How do Chinese people sing using tones for both melody and words?


How can they sing if changing a tone might change the meaning of a word? Doesn’t the “tonal direction” upward/downward of a word affect a melody?
How do those systems combine?

In: 48

They don’t really use the tones when singing. They just follow the melody of the piece. The lyrics are comprehendible because most ideas are conveyed with at least two characters. For example if I say the word morning, 早zao normally you would accompany it with a 上。早上。not sure if my explanation helps or hinders .

The pitch aspect of tones in tonal languages are relative, rather than absolute like in music. The songs sang in tonal language are usually composed in a way that would accommodate the tonal aspect of the words, e.g., a high tone would sit on a relatively higher note in the melody.

I’m not a native speaker, but I’ve been learning Mandarin for a year or two and I listen to Chinese music semi-regularly, and my takeaway has been that tones are pretty much ignored when singing. I’ve seen some Chinese people saying that tones aren’t actually that important in regular speech either, and that context is much more useful, but I think that mostly applies to new speakers like me who aren’t very good at keeping their tones consistent, and I’ve had at least one instance of confusion when I’ve mixed up my tones (想 [xiǎng, to want or miss] and 像 [xiàng, to be like]).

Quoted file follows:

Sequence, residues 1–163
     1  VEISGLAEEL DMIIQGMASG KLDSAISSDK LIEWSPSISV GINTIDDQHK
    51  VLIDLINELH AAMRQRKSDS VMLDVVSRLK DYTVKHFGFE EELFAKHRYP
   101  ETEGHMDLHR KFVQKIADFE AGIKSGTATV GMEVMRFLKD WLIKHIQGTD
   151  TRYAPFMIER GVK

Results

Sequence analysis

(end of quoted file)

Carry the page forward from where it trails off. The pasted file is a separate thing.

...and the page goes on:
A quick Google suggests that some singers, especially those who sing in Cantonese, do sometimes make an effort to match tones to melody for artistic reasons, but it’s not universal.

Native Cantonese speaker. Cantonese has 6 tones (9 if you count the 3 “stopped” tones that have different endings but are covered tonally by the first 6 tones). Tones in Mandarin/Cantonese constrain how natural lyrics might sound in a song–i.e., if you use a word with an inappropriate tone in the melody, it just sounds weird and less natural, although people will usually figure out the word in the context. Tones are always relative–e.g., you can increase the pitch in spoken Mandarin/Cantonese to sound sarcastic, but the relative pitch of the words in your sentence are the same. So it’s not that there’s an absolute tone that fully constrains lyrics, but it is more restrictive than writing lyrics in English (for example). Or to answer your question more directly, lyricists need to choose words that follow the relative pitch pattern of the melody to make the lyrics sound natural. And conversely, any spoken Cantonese sentence has an inherent melody to it already.

In most tonal languages, you’ll actually see a lot of times traditional music tries to accommodate for it – and not only accommodate for it but build it into the music in a rather poetic way in itself. There’s almost a bit of an additional ‘rhyming’ layer of the music built in to help accommodate for tone shifts since (as another commenter already said) the tone shifts are relative rather than absolute (usually).

But also in a lot of more modern pop music types – it’s most just on context. So while yes, changing tone changes the word, you can usually quite easily sort out what people mean by context of all the words around it – similar to the way you would for homonyms in English – sometimes because it makes absolute no sense given part of speech or just on what makes sense. (e.g. when someone says “I see you” – we know they’re saying “see” rather than “sea” because “sea” wouldn’t make sense in the sentence but also just inference – someone saying they’re afraid of “bats in the cave” could be talking about baseball bats, sure – but it probably makes a lot more sense through context that they’re talking about the animal)